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Deleuze's secret dualism? competing accounts of the relationship between the virtual and the actual

Clisby, Dale 2015, Deleuze's secret dualism? competing accounts of the relationship between the virtual and the actual, Parrhesia: a journal of critical philosophy, vol. 24, pp. 127-149.

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Title Deleuze's secret dualism? competing accounts of the relationship between the virtual and the actual
Author(s) Clisby, Dale
Journal name Parrhesia: a journal of critical philosophy
Volume number 24
Start page 127
End page 149
Total pages 23
Publisher Melbourne School of Continental Philosophy
Place of publication Melbourne, Vic.
Publication date 2015
ISSN 1834-3287
Summary There are competing accounts of the precise way in which the virtual and the actual are related in the philosophy of Gilles Deleuze. As his philosophy gains a more
widespread readership, especially in a diverse range of disciplines, it is important to review differing interpretations put forward as to the precise meanings of Deleuze’s key concepts. Much interdisciplinary work that incorporates Deleuze’s philosophy does so by using the concept of the virtual, usually by offering different accounts of this very important concept. To confound this many readers of Deleuze present differing ‘standard’ definitions, as we will see. As such there is a lack of clarity within the wider academic community and within Deleuze scholarship that stems from a divergence of opinion at best, or an unfortunate misreading at worst. In light of the current landscape this paper will both investigate this lack of consensus, and more importantly, provide a more precise reading of the relationship between the virtual and the actual as presented by Deleuze in Difference and Repetition (1994). Through a close reading of the fourth and fifth chapters we will be able to account for the movement of virtual Ideas to their actualised form, as well as to describe the precise relationship between actualisation and the process of individuation. Ultimately we will find that intensity holds the key to uncovering the precise relationship between the virtual and the actual as the domain though which objects are both actualised and individuated.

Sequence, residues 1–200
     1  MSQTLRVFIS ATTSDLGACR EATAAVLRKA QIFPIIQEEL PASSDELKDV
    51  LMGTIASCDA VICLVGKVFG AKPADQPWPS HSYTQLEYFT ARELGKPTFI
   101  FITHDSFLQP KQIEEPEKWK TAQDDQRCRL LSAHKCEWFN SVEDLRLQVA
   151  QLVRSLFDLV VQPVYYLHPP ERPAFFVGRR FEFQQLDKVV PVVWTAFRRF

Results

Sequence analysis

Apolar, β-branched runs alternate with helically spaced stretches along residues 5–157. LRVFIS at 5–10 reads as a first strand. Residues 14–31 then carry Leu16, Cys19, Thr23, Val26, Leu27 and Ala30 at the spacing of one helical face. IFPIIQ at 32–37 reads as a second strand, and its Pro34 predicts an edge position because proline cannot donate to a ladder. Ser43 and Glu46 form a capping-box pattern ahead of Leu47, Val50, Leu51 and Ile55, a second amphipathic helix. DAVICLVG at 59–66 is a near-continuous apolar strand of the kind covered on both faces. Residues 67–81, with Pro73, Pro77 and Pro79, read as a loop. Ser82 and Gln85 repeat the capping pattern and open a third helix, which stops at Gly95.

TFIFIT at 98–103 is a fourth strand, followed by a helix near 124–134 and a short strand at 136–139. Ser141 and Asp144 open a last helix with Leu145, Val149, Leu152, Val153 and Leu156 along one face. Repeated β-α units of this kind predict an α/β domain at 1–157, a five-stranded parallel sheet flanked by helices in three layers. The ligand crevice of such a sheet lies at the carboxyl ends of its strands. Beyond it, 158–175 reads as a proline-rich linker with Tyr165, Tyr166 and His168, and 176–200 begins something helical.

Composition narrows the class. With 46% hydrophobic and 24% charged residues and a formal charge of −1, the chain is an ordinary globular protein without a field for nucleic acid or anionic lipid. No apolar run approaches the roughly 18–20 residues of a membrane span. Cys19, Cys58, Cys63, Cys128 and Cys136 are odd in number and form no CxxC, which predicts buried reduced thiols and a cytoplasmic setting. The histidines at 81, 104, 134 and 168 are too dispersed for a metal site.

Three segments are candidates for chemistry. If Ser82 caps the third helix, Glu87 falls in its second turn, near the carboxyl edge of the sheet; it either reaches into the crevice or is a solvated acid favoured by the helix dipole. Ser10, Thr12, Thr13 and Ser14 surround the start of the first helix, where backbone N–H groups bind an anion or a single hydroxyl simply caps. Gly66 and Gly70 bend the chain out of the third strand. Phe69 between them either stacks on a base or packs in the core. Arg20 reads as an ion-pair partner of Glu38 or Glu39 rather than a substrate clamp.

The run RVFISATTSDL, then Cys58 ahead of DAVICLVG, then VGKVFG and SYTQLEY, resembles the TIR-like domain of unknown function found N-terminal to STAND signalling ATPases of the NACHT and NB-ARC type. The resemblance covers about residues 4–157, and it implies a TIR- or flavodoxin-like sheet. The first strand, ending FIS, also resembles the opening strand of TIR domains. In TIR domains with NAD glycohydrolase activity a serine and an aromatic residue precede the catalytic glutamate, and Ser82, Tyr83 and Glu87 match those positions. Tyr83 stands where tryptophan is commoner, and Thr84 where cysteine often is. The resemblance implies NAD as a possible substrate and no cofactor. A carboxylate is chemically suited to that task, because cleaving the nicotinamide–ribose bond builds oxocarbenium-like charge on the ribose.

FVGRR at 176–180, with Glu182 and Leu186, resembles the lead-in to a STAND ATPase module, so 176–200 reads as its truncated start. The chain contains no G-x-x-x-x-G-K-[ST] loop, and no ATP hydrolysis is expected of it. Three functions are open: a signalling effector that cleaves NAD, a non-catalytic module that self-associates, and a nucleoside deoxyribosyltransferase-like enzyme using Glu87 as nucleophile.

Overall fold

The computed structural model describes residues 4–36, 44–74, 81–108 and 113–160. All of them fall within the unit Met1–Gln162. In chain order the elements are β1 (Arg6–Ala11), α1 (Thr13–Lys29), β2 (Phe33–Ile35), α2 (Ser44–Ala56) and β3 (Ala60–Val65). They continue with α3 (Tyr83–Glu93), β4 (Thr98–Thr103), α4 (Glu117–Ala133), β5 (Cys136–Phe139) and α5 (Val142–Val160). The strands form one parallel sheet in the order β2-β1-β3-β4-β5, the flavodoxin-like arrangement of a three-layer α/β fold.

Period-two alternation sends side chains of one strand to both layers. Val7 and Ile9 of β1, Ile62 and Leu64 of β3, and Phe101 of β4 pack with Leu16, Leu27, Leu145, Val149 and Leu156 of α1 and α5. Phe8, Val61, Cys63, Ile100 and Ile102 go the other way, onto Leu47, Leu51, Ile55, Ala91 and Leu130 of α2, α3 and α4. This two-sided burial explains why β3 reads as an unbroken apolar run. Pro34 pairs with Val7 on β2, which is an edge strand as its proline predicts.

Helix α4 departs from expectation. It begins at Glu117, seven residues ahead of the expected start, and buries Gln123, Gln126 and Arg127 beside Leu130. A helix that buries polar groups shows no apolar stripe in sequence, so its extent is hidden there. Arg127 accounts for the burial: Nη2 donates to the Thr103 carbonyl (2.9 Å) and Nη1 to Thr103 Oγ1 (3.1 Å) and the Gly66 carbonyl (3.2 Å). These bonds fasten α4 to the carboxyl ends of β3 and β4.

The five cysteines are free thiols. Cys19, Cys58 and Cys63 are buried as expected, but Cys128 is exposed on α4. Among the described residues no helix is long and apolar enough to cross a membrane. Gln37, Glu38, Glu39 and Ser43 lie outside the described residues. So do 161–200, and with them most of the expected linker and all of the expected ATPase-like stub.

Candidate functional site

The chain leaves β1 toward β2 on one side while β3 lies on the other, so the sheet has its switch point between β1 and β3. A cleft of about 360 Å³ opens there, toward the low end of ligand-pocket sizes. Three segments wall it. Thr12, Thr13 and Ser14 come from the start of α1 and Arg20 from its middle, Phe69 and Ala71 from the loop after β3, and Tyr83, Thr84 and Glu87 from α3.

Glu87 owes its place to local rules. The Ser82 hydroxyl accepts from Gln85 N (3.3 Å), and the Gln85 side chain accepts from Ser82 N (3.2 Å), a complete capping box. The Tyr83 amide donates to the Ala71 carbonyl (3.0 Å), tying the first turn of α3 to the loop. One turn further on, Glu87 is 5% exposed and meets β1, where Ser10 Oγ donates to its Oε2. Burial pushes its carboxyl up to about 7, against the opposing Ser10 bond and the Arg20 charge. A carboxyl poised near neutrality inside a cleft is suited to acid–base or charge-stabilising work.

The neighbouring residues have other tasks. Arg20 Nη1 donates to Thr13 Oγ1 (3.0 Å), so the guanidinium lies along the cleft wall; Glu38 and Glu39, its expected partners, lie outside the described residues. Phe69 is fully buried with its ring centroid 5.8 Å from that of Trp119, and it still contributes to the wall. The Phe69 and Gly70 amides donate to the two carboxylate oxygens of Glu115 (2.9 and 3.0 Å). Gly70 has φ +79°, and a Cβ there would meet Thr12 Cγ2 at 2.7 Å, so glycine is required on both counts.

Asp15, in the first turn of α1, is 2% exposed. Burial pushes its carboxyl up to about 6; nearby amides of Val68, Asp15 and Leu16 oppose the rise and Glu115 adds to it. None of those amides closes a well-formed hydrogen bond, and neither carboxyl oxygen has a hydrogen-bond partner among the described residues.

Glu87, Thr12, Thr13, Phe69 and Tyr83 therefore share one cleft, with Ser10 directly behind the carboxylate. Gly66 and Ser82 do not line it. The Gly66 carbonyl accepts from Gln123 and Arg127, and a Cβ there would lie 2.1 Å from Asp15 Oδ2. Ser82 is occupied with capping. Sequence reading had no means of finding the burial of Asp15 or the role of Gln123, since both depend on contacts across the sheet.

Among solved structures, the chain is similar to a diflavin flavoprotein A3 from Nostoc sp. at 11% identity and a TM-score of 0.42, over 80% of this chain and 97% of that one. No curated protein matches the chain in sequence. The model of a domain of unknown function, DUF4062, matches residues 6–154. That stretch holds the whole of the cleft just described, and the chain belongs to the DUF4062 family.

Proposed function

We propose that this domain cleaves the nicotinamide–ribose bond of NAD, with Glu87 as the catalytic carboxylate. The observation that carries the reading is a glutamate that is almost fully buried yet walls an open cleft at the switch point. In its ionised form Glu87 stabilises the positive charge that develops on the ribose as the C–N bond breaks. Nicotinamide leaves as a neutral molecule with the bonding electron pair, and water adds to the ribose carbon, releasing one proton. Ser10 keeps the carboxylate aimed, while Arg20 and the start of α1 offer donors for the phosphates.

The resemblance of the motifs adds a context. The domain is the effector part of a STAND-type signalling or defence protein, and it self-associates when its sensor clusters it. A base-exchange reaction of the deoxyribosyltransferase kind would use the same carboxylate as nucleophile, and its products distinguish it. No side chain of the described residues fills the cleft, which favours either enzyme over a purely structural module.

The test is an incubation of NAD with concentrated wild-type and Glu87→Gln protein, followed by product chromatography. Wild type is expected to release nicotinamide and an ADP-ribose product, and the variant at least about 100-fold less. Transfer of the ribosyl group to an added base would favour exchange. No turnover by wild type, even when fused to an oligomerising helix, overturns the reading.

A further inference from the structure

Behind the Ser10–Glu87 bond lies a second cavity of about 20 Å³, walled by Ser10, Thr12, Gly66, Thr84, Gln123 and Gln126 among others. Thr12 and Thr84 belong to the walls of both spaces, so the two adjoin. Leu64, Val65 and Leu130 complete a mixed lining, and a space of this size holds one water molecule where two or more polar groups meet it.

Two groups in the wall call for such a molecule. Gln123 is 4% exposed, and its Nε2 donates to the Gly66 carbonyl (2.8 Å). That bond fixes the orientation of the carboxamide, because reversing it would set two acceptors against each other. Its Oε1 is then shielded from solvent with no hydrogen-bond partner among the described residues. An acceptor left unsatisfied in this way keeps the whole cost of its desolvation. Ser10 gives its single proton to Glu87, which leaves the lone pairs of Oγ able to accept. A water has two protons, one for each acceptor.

Language eng
Field of Research 220317 Poststructuralism
2203 Philosophy
Socio Economic Objective 970122 Expanding Knowledge in Philosophy and Religious Studies
HERDC Research category C1 Refereed article in a scholarly journal
ERA Research output type C Journal article
Copyright notice ©2015, Melbourne School of Continental Philosophy
Persistent URL http://hdl.handle.net/10536/DRO/DU:30080275

Document type: Journal Article
Collection: School of Humanities and Social Sciences
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